By Jenné Ayers

In the world of politics, 2016 was quite a chaotic year. Norms that had been established for decades were completely upended. Civility took a backseat to brashness. And people of diverse cultural and religious backgrounds were subject to discriminatory rhetoric.

On November 9th, I woke up in the MGM Grand Hotel in Detroit, Michigan and continued watching the cable news channels–hoping to hear a coherent account of the election result. This result was shocking. Just the day before, I was part of a statewide team working feverishly to put Michigan in the win column for Democrats. From August to November, I had the honor of serving as the Voter Protection Director for the Michigan Coordinated Campaign, tasked with helping Secretary Hillary Clinton and other Democrats down the ballot win elected office. Despite the Michigan team’s hard work, Secretary Clinton lost the Presidential election in Michigan by just 10,704 votes.

My experience as Voter Protection Director of Michigan underscored my passion for politics, voting rights, and constitutional law. My small team of deputies and volunteers worked to recruit over 800 volunteer attorneys and law students to watch the polls on Election Day. This was a record-breaking number of volunteers as compared to previous election cycles in Michigan. We also trained the campaign organizers so that voter registration and canvassing activities were compliant with state and national regulations.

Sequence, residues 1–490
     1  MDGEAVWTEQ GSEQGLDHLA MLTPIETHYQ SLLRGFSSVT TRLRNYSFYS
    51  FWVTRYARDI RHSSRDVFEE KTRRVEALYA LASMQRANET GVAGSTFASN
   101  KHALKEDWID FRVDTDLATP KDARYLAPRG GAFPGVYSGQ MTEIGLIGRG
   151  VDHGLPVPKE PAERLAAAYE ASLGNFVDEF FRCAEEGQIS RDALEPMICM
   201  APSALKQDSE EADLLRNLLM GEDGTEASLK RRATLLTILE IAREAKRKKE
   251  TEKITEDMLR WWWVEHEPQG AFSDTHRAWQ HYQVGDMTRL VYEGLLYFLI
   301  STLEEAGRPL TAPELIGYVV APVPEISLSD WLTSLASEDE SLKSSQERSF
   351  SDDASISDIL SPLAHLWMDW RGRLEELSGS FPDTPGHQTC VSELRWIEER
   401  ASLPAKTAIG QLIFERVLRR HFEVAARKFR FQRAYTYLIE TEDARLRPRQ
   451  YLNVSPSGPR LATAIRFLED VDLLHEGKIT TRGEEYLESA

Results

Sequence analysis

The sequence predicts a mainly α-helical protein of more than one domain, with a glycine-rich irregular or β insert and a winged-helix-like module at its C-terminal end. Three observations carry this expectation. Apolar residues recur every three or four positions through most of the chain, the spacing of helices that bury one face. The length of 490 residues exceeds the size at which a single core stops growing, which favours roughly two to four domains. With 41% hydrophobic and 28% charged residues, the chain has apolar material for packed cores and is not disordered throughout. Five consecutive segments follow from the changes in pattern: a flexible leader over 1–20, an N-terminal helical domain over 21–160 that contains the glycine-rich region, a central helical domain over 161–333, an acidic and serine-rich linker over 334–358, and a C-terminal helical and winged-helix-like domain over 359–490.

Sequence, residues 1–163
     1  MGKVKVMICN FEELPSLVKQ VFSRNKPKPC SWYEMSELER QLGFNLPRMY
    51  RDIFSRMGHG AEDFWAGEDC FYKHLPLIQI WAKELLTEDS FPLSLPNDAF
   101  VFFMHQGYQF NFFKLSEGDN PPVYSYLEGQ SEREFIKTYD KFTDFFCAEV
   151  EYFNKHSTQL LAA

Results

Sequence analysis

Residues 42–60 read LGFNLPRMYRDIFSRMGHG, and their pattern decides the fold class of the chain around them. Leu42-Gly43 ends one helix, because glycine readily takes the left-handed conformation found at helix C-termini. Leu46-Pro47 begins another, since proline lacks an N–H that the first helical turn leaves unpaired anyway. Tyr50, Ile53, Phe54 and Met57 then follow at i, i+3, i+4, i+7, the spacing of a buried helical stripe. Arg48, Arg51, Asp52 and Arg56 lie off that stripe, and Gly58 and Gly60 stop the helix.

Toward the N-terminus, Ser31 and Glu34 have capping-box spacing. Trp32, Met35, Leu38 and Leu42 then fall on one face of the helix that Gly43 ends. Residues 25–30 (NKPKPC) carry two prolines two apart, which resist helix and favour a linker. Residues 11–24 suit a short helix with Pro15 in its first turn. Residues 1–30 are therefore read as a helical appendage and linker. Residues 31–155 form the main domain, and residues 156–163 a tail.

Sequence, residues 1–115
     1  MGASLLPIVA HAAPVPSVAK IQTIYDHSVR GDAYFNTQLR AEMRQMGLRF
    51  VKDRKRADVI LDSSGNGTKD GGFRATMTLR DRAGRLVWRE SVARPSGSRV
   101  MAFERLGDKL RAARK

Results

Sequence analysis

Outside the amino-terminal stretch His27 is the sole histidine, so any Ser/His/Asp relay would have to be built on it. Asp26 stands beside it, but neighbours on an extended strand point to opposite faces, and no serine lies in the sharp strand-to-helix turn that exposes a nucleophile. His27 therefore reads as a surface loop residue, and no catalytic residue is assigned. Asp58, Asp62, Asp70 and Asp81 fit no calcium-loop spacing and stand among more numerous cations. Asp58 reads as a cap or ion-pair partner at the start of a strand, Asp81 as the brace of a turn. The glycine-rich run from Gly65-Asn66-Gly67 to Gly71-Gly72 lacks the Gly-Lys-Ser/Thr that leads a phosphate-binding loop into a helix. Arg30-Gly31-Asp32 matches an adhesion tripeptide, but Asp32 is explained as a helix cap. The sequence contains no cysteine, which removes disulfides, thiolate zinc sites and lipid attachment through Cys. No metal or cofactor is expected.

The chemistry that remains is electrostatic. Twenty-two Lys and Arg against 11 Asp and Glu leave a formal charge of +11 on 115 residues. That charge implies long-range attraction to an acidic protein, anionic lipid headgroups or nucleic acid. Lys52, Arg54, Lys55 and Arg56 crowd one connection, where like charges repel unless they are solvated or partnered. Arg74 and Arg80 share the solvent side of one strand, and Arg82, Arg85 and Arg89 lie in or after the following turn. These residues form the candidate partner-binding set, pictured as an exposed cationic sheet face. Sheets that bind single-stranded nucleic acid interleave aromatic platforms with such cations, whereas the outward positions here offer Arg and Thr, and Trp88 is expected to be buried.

Yet, when you think about elections, voter protection may not be the first thing to pop into your mind, but it is important now more than ever. This past election was the first Presidential election in the modern era without the full protection of the Voting Rights Acts of 1965 (VRA). In 2013, the Supreme Court effectively gutted the VRA in a case called Shelby County v. Holder. The Court held that Section 4(b) of the VRA is unconstitutional. Section 5 requires certain state and local governments to seek federal approval (preclearance) before making any changes to their voting procedures. Section 4(b) contained the formula by which the federal government determined which jurisdictions needed preclearance. Without Section 4(b)’s coverage formula, Section 5 has no effect. This means that states, many of which have long histories of racial discrimination, no longer need federal approval before making changes that affect voting practices, such as changing voter registration requirements and re-allocating election administration resources.

Progressives who work in the area of voter protection primarily strive to do three things:

  1. Oppose unconstitutional restrictions on who is able to vote.
  2. Help local governments allocate election administration resources in a way that optimizes civic participation.
  3. Inform voters about where and how they are able to participate in the political process.